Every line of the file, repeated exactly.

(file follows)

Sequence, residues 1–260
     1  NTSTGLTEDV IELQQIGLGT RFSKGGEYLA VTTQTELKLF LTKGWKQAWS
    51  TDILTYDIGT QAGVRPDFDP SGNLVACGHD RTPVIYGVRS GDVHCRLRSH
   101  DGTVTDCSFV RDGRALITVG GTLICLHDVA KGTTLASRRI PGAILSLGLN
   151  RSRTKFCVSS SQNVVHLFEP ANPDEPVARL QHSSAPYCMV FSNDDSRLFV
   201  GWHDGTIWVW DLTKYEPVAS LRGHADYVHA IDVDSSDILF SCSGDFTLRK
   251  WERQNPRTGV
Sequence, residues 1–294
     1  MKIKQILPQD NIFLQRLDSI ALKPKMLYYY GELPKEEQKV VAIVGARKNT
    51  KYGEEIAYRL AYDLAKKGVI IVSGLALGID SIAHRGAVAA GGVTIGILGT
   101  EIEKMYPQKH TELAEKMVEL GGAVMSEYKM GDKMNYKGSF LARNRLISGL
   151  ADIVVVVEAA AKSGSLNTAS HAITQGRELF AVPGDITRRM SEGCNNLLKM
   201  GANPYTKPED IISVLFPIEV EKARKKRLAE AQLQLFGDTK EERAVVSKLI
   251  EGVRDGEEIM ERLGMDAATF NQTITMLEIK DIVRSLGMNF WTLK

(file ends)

Sequence, residues 1–260
     1  NTSTGLTEDV IELQQIGLGT RFSKGGEYLA VTTQTELKLF LTKGWKQAWS
    51  TDILTYDIGT QAGVRPDFDP SGNLVACGHD RTPVIYGVRS GDVHCRLRSH
   101  DGTVTDCSFV RDGRALITVG GTLICLHDVA KGTTLASRRI PGAILSLGLN
   151  RSRTKFCVSS SQNVVHLFEP ANPDEPVARL QHSSAPYCMV FSNDDSRLFV
   201  GWHDGTIWVW DLTKYEPVAS LRGHADYVHA IDVDSSDILF SCSGDFTLRK
   251  WERQNPRTGV
Sequence, residues 1–294
     1  MKIKQILPQD NIFLQRLDSI ALKPKMLYYY GELPKEEQKV VAIVGARKNT
    51  KYGEEIAYRL AYDLAKKGVI IVSGLALGID SIAHRGAVAA GGVTIGILGT
   101  EIEKMYPQKH TELAEKMVEL GGAVMSEYKM GDKMNYKGSF LARNRLISGL
   151  ADIVVVVEAA AKSGSLNTAS HAITQGRELF AVPGDITRRM SEGCNNLLKM
   201  GANPYTKPED IISVLFPIEV EKARKKRLAE AQLQLFGDTK EERAVVSKLI
   251  EGVRDGEEIM ERLGMDAATF NQTITMLEIK DIVRSLGMNF WTLK